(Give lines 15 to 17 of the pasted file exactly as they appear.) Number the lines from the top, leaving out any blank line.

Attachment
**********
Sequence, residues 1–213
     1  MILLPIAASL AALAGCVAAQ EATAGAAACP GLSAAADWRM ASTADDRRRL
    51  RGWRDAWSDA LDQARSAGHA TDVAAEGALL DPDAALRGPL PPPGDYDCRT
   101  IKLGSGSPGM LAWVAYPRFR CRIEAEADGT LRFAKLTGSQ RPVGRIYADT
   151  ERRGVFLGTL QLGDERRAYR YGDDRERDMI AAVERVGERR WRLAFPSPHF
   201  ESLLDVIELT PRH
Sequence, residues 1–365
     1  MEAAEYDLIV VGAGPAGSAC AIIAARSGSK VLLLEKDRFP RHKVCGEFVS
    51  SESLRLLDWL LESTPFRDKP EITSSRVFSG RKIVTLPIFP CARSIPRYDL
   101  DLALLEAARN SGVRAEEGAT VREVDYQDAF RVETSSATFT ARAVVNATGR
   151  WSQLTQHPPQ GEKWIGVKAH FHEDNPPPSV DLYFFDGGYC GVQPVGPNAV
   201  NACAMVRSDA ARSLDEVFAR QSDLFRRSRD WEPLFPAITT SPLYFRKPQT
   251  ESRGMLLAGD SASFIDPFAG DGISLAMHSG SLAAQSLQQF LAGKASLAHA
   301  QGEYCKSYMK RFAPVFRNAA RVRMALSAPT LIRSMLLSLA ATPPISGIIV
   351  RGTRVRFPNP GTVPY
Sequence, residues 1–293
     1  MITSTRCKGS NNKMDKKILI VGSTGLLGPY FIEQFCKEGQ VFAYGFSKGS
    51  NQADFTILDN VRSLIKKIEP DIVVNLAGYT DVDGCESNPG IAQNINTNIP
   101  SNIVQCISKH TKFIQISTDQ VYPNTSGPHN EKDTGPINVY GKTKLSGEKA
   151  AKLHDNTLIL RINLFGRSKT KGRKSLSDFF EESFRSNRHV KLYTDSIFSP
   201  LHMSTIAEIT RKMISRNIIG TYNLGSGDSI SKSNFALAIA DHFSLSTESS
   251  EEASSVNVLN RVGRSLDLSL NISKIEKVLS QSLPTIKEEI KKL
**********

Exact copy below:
   351  RGTRVRFPNP GTVPY
Sequence, residues 1–293
     1  MITSTRCKGS NNKMDKKILI VGSTGLLGPY FIEQFCKEGQ VFAYGFSKGS